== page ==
Skip to main content

Options Exchanges and Order Flow

Image result for Andy Nybo

In the TabbFORUM, a web platform for discussion of the capital markets by informed participants therein, I see a new piece by Andy Nybo about the segmenting of the order flow in the U.S. listed options markets.

Nybo is head of derivatives research for the TABB Group, where he has worked for 10 years. So he knows all its mysteries, such as presumably why the capitalization convention for the TABB Group is reversed for the name of the TabbFORUM.

His article begins with the observation that there are lots of US options markets, and that they try to compete with one another with various innovations. Isn't that a good thing? Well ... it depends on the innovation. He complains that one new trend is raising havoc, "price improvement auctions."

He defines a price improvement auction as "a trading protocol that allows market makers to improve prices for a segmented swatch of order flow," and claims it has a "number of detrimental consequences."

In essence the market maker (an exchange member) submits a two-sided offer -- that is, both a buy and a sell price -- into the market looking for takers. If there ARE takers, then this is by definition and for them an improvement on the quoted market price. Otherwise they would have bought (or sold) at the quoted market price.

This bifurcates the market and, in Nybo's view, it has contributed "to a steady decline in the long-term health of US listed options markets."  The so-called "lit" market is stripped of its "most valuable retail flow."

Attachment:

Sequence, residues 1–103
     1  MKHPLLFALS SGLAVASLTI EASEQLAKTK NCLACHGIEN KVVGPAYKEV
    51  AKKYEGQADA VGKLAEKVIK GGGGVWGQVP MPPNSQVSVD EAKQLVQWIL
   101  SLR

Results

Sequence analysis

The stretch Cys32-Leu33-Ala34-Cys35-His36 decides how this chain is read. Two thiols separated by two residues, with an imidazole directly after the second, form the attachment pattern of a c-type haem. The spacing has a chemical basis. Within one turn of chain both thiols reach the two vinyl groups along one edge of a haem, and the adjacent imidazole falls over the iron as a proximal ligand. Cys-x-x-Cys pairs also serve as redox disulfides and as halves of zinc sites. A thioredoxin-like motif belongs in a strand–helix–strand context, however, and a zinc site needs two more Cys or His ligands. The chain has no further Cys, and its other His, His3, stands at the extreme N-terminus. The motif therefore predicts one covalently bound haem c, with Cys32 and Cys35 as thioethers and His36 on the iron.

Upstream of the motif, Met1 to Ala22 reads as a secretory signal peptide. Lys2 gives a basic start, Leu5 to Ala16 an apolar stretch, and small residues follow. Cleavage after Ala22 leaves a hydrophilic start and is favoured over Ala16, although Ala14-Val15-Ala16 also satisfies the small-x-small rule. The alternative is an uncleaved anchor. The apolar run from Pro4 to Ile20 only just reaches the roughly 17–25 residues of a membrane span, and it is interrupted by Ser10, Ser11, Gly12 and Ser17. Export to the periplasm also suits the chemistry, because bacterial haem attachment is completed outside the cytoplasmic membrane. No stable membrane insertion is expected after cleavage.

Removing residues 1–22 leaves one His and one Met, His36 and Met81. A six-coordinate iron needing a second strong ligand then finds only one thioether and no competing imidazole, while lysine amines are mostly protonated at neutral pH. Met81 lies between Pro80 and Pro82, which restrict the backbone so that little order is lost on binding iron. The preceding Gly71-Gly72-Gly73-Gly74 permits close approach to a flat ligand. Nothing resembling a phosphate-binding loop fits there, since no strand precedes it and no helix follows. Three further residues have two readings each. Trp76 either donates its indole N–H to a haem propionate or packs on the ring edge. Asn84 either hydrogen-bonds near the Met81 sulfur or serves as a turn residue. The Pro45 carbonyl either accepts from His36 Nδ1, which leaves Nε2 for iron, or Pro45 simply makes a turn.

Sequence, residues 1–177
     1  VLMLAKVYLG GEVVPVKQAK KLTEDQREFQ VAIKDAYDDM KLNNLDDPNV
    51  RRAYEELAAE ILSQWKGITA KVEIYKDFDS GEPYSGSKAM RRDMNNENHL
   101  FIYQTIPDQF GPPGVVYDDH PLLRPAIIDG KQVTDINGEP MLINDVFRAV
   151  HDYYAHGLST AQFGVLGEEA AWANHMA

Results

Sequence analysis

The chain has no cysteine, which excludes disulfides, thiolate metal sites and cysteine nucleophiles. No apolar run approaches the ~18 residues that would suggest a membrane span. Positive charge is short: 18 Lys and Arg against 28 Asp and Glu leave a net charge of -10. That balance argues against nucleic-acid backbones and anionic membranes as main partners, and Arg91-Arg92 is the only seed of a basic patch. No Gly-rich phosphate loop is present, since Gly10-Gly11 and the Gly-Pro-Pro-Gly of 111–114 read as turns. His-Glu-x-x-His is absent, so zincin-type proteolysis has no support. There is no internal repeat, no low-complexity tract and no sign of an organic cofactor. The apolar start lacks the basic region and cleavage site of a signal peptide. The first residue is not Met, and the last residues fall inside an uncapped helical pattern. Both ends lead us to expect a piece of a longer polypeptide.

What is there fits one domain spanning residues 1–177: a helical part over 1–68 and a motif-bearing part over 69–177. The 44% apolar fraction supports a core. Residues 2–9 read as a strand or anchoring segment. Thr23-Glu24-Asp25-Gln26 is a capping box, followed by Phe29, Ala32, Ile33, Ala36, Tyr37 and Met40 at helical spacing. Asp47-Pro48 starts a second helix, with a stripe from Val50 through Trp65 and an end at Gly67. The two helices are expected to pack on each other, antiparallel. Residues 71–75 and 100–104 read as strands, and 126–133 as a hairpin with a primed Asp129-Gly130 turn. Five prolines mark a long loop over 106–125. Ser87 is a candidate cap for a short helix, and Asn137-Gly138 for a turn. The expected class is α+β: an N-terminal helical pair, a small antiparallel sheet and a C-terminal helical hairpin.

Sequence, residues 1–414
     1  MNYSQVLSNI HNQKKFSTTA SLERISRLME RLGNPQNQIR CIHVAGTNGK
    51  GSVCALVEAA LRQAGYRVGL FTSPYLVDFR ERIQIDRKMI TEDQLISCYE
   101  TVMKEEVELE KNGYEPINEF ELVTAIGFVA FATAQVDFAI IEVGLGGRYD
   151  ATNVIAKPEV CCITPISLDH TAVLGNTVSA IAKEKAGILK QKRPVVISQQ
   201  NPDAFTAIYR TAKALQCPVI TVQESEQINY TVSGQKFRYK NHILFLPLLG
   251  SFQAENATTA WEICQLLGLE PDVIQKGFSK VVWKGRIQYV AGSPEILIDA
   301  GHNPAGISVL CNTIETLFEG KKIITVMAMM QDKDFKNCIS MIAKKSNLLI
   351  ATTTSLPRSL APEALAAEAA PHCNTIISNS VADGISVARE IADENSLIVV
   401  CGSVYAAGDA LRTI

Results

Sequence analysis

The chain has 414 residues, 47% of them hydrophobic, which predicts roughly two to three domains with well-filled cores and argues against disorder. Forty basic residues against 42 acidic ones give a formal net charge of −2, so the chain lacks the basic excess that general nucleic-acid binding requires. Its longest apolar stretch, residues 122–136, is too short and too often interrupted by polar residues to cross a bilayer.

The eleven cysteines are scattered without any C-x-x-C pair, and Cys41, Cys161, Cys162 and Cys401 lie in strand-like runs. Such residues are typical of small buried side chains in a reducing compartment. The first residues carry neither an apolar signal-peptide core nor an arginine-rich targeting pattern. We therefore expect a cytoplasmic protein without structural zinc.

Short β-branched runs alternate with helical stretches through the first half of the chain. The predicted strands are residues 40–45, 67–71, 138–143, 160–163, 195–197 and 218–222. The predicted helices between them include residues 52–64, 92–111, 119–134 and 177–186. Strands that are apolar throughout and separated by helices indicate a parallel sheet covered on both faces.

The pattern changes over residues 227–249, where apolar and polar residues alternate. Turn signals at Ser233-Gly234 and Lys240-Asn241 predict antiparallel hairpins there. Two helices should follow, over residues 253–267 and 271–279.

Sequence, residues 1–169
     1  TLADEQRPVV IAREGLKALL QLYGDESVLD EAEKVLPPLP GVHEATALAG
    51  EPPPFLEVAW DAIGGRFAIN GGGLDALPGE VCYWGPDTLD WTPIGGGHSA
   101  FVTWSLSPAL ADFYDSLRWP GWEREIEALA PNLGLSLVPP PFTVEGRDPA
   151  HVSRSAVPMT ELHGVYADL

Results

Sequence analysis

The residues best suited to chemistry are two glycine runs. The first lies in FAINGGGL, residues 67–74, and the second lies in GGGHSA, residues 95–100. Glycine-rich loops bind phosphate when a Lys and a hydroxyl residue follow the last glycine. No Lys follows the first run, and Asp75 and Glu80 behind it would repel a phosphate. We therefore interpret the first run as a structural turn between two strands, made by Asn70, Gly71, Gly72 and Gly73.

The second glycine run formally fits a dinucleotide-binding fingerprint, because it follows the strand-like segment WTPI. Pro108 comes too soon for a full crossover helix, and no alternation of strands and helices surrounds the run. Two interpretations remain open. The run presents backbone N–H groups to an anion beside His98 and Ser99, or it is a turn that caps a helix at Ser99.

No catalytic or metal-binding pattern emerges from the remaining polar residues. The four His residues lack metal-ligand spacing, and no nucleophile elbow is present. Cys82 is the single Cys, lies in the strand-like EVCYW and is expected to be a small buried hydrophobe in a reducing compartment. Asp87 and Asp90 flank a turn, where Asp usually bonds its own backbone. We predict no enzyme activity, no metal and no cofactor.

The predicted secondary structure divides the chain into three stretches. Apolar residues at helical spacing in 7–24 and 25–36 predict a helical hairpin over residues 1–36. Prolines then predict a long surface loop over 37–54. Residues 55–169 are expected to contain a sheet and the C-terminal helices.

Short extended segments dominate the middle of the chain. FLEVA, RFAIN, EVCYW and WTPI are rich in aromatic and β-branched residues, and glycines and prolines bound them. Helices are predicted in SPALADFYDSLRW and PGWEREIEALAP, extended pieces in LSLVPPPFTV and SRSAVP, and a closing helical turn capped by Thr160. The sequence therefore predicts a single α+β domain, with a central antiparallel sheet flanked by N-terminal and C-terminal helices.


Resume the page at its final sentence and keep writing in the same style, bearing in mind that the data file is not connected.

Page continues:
Nybo doesn't suggest a solution, though. In fact he ends with a warning that "solutions often have unintended consequences themselves."

That's an odd way to end the piece but, hey, who am I to question Nybo's literary talents?

The discussion confirms my general sense that huge changes in the business of financing business lie just ahead. The next five years or so will see an explosion of new technologies in the field, along with the playing-out of old institutions that are of as much continuing use and vitality as a physical trading floor in the 21st century.

Huge. I said it.


Popular posts from this blog

Great Chain of Being

One of the points that Lovejoy makes in the book of that title I mentioned last week is the importance, in the Neo-Platonist conceptions and in the later development of the "chain of being" metaphor, of what he calls the principle of plenitude. This is the underlying notion that everything that can exist must exist, that creation would not be possible at all were it to leave gaps.

The value of this idea for a certain type of theodicy is clear enough.

This caused theological difficulties when these ideas were absorbed into Christianity.  I'll quote a bit of what Lovejoy has to say about those difficulties:

"For that conception, when taken over into Christianity, had to be accommodated to very different principles, drawn from other sources, which forbade its literal interpretation; to carry it through to what seemed to be its necessary implications was to be sure of falling into one theological pitfall or another."

The big pitfalls were: determinism on the on…

A Story About Coleridge

This is a quote from a memoir by Dorothy Wordsworth, reflecting on a trip she took with two famous poets, her brother, William Wordsworth, and their similarly gifted companion, Samuel Taylor Coleridge.

We sat upon a bench, placed for the sake of one of these views, whence we looked down upon the waterfall, and over the open country ... A lady and gentleman, more expeditious tourists than ourselves, came to the spot; they left us at the seat, and we found them again at another station above the Falls. Coleridge, who is always good-natured enough to enter into conversation with anybody whom he meets in his way, began to talk with the gentleman, who observed that it was a majestic waterfall. Coleridge was delighted with the accuracy of the epithet, particularly as he had been settling in his own mind the precise meaning of the words grand, majestic, sublime, etc., and had discussed the subject with William at some length the day before. “Yes, sir,” says Coleridge, “it is a majestic wate…